Jake Gyllenhaal gained a reported 14 lbs. of pure muscle mass on top of his regular weight for his latest movie titled ‘Southpaw.’ This comes shortly after a 30 pound weight reduction for his previous film ‘Night Crawler.’ Director Antoine Fuqua got Gyllenhaal back into ‘Jarhead’ shape by putting him in the boxing ring 6 hours a day, 7 days a week.
“I had him training twice a day in the boxing ring; he did two-a-days, seven days a week,” Fuqua told an American news site.
He was also training in arguably the best gym for anyone to train, “I had him train at Floyd Mayweather’s gym in Vegas and we watched Floyd’s fights, and the Manny Pacquiao fight. He trained in New York at Church Gym with real fighters. We literally turned him into a beast…He was training like a fighter. I had him sparring, really getting hit. I put him in situations where I wanted to see what he was made of. No one but fighters understand the sacrifice it takes to be a fighter.”
Fitness coach Scott Laider weighed in on how Gyllenhaal was able to make such a remarkable transition:
“For him, it’s not just a question of gaining muscle mass, he also had to learn to move and look like a boxer…If he was doing high volume workouts – a typical bodybuilder might do 16 sets a day – he would have been aching too much to box. I think he would have done weight training three times a week. There would have been a focus on big compound movements, like squats, deadlifts and military push-ups.”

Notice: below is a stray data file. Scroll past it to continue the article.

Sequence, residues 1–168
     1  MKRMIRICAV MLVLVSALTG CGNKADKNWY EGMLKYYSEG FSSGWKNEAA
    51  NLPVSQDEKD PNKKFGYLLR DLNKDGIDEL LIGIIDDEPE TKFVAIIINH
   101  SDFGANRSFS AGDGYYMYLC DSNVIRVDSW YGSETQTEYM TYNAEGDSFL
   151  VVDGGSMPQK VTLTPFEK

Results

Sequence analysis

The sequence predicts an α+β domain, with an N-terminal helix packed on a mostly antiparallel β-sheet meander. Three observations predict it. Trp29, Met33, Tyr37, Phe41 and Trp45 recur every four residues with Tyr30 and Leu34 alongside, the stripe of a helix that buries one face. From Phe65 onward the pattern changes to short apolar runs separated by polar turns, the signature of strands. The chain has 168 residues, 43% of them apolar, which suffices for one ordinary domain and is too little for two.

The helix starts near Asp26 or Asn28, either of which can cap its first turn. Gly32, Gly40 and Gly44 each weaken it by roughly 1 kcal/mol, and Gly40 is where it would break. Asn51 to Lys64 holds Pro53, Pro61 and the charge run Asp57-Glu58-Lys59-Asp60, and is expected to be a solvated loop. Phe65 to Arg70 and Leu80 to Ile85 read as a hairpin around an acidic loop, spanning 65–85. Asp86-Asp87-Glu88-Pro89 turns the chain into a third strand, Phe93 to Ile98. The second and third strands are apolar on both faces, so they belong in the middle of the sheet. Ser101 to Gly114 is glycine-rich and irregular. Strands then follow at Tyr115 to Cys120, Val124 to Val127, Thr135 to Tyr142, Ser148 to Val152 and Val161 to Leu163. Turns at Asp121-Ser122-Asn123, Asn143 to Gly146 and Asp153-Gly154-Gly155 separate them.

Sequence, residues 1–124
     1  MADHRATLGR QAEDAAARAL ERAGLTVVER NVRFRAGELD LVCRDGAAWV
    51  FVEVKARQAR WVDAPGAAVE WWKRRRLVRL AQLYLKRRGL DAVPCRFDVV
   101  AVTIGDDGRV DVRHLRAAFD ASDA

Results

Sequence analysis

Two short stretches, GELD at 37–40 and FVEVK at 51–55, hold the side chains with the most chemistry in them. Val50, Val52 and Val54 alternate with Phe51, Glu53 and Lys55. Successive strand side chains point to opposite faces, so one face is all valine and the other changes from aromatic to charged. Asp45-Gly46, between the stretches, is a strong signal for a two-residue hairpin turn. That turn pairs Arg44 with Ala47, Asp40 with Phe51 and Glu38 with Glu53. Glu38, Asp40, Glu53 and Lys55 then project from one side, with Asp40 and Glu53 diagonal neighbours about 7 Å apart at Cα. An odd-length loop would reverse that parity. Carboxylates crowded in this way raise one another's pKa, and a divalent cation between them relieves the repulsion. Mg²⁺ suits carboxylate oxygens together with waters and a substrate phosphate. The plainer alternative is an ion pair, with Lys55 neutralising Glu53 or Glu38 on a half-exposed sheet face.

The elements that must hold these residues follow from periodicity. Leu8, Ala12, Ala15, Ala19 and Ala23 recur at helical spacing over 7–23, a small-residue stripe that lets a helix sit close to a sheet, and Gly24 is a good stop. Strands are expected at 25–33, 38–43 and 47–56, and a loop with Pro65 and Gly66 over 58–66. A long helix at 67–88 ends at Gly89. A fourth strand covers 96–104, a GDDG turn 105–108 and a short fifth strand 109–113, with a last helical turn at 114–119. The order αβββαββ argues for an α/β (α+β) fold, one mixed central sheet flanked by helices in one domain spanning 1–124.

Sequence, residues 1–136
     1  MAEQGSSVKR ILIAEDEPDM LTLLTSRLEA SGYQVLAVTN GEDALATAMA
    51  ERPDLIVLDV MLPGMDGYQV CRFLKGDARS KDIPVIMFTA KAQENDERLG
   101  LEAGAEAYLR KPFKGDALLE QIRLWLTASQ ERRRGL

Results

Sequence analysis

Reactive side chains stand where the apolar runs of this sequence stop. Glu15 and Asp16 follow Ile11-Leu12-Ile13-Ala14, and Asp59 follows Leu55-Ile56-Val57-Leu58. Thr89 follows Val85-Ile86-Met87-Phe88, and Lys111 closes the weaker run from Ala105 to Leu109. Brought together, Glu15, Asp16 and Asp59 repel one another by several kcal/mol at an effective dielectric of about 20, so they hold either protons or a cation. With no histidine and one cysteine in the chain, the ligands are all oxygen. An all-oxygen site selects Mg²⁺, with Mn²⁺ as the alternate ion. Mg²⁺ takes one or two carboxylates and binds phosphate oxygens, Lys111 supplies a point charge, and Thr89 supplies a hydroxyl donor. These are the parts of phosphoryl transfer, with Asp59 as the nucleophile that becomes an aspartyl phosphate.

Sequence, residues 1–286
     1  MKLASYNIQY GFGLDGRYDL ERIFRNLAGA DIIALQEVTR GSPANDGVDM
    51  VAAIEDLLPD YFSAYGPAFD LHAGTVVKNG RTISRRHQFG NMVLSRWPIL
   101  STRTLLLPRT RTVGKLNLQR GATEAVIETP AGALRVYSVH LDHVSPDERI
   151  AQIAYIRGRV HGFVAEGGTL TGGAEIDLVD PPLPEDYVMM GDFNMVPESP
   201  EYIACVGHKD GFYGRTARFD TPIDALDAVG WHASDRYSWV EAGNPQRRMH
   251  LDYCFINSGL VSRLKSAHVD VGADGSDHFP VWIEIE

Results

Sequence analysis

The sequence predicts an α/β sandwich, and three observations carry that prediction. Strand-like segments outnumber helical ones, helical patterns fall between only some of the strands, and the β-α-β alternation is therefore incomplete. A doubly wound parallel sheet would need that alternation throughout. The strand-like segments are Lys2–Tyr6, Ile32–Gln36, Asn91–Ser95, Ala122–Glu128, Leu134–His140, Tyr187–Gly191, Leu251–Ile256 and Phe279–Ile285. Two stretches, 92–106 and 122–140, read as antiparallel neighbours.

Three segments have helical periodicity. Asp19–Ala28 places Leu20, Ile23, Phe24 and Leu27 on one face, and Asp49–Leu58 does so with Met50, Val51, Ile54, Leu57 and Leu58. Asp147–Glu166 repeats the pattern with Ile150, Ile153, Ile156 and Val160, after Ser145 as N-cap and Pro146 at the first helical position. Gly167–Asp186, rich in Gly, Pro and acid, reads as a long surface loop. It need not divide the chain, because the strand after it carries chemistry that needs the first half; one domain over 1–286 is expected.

Knowing that folks may be curious as to what damage can be done by adding or reducing weight so quickly, the fitness coach added that it is “not inherently unhealthy” to gain a large amount of muscle mass in a short period of time.
Nutrition and fitness expert Ross Edgley agreed that “under the right circumstances”, this sort of rapid muscle weight gain would be healthy, but warned that continually losing and gaining weight for roles could cause “physiological and biochemical complications if not done correctly.”
Edgely continued to explain how Gyllenhaal most likely got cut so fast, “The International Olympic Committee Consensus on Sports Nutrition states that ‘strength or speed athletes require 1.7 grams of protein per kg of bodyweight per day…So guessing Jake was about 80kg before he started filming, he would require 136 grams of protein per day. That’s a lot of chicken breasts, eggs and fish. In terms of supplements, it’s very likely that Jake again would have been supplemented like an elite athlete. Training six hours a day for six months is putting a lot of stress on the body, and so supplementation would have been key to aiding recovery.”
“For a training schedule as brutal as this, supplementation could also mean Vitamin D3 and Vitamin C to ensure his immune system was able to survive such a gruelling session.”